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This article by Kathleen McGinn Spring was prepared for the September 11, 2002 edition of U.S. 1 Newspaper. All rights reserved.
Real Estate Flipping: Profitable, but Illegal
Flipping houses is enriching lawyers and appraisers
throughout the state, netting them $100,000 or so a pop for just a
few hours work. The practice is illegal, hurts neighborhoods, and
is embarrassing to honest professionals.
On Thursday, September 19, at 1:30 p.m. the Metro New Jersey Chapter
of the Appraisal Institute holds a seminar on flipping and other forms
of real estate fraud at the Woodbridge Hilton. On the panel are
H. Scrivens Jr., appraisal board liaison to federal and state enforcement
to the appraisal board; and
Investigative Services. Price $50. Call 732-494-4716.
is a growing problem throughout New Jersey. Flipping, he says, takes
place primarily in cities and primarily involves residential real
estate, but other types of fraud, including identity fraud, are occurring
in every part of the state and are happening with commercial as well
as with residential transactions.
And what exactly is flipping?
"You have three or four people," Bovasso explains. "Someone
buys a house, usually in an inner city." The purchase is legitimate
up to this point, with the property changing hands at or below market
value. Then, Bovasso, continues, "that same day, the house is
transferred to another party for two or three times the amount of
the earlier price." For example, a house that was purchased for
$100,000 at 11 a.m. might be sold for $300,000 at 3 p.m. The buyer
of record typically is a hard-to-trace corporation. A lender provides
the funds for the sale based upon a grossly inflated appraisal. The
buyers split the difference between what they paid early in the day
and the amount for which they obtained a mortgage later on — in
this hypothetical, $200,000 — make no payments, and leave the
The finance company is hurt, of course, because it has to foreclose,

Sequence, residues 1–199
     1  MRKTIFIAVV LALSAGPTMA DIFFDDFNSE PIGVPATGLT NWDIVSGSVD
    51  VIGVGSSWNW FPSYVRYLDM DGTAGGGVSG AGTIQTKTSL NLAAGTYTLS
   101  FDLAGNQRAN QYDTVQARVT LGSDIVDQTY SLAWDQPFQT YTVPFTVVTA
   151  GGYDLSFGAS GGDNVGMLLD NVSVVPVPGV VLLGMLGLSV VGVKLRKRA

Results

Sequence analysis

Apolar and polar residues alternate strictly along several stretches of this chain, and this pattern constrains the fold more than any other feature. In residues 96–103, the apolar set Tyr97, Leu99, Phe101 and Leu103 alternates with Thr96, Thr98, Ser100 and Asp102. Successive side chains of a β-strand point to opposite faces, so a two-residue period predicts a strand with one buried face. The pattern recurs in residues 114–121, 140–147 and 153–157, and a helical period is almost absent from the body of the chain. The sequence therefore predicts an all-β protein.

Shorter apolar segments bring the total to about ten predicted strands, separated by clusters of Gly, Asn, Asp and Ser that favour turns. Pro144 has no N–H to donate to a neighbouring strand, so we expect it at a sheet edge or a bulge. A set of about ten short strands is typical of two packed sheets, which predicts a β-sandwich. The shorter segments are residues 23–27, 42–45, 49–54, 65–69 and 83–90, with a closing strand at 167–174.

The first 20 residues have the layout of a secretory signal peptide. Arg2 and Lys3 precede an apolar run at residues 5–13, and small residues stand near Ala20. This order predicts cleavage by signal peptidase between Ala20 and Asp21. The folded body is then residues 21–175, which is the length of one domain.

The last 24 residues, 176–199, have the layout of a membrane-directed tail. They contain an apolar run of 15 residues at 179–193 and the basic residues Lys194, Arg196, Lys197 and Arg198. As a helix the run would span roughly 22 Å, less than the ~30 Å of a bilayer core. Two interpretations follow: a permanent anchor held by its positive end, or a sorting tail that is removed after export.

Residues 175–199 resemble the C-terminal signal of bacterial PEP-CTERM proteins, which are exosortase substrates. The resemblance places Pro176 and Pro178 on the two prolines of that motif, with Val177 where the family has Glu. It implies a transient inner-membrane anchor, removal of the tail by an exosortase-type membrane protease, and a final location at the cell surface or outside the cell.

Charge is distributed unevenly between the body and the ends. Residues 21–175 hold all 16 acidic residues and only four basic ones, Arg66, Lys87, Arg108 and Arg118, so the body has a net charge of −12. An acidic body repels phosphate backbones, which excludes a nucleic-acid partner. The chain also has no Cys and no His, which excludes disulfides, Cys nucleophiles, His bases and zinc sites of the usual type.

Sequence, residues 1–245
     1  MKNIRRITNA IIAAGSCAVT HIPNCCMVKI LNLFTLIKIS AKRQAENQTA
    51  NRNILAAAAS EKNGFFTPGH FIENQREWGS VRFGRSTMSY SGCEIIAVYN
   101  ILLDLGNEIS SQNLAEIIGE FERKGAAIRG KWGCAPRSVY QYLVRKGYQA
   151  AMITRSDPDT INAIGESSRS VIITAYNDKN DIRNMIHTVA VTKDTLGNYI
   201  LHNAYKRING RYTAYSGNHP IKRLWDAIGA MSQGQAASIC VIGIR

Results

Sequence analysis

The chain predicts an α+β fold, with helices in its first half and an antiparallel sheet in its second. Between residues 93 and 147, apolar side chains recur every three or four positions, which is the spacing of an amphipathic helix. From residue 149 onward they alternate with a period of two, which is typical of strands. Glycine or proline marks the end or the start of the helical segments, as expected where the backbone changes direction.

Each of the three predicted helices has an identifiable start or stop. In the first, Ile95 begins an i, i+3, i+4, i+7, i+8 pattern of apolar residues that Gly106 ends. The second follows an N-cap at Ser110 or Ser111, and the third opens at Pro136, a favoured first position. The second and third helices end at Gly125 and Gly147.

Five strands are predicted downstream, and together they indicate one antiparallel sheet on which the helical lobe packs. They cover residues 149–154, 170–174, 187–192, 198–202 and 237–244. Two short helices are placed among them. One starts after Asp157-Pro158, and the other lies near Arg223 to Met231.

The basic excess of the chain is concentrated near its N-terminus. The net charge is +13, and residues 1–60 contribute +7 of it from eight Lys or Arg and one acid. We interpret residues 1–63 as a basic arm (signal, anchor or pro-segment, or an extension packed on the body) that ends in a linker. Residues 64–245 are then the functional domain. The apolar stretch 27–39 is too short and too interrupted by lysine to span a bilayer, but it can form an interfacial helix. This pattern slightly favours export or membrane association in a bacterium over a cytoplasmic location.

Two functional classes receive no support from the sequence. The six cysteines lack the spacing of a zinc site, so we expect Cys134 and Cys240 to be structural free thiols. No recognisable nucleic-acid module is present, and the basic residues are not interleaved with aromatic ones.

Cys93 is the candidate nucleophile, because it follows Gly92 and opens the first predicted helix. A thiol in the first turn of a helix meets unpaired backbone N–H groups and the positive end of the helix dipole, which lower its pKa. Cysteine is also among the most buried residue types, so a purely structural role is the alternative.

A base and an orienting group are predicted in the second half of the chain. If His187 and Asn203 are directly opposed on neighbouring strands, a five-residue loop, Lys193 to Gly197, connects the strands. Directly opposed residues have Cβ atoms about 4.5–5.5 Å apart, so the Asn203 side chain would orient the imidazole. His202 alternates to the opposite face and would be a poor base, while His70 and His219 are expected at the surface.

a lengthy procedure which will most likely net it nothing at all.
The neighborhood is hurt because the house will stand vacant, quite
possibly forever, or at least long enough to deteriorate significantly.
Residents of the city are hurt because these transactions are recorded
as sales, thereby driving up the average sale price of houses, and
along with it, their property taxes. And appraisers are hurt, says
Bovasso, because the image of the profession suffers.
Flippers are now active in a number of New Jersey cities, including
Asbury Park, Jersey City, and Trenton. There are now more than 1,000
cases of flipping being investigated by the FBI’s Newark office.
Bovasso, an appraiser with the Cooney Valuation Group in Secaucus,
has been in the industry for 16 years, specializing in commercial
transactions. He says his branch of the profession is largely unaffected
by flipping, but is being hurt by identity theft, through which criminals
get hold of an appraiser’s name and certification number, and appraises
an office building or other commercial property, often inflating its
value so that the owner can secure a larger loan.
A weak economy may, in some instances, provide greater motivation
for criminal activity. The commercial market, says Bovasso, is weaker
now than it has been since the late-1980s. "Vacancy rates in north
and central New Jersey are at 15 to 16 percent," he says. The
much-talked-about exodus of employers from New York City to New Jersey
following September 11 was "just a temporary situation," in
his view. That influx has stabilized.
The big problem now, Bovasso says, is that corporations that "beefed
up" in the last years of the past decade, hiring like crazy and
gobbling up huge chunks of space to house the overflow, have since
contracted. "A lot of corporations took 200,000 or 300,000 square
feet, and then downsized," says Bovasso. These major employers
are trying to sublease that extra space. "Twenty-five to thirty
percent of available space is sublease now," he says.
Still, there are pockets of vigor.
"Industrial has not been as hard hit as commercial," says
Bovasso. Older, multi-story factory space is hard to lease, but, he
says, single story, functional factories and warehouses are moving
well. "The 8A market is very hot," he says. The big box warehouses,
often with 300,000 to 400,000 square feet of space, are in demand
— and quite safe from real estate flippers.
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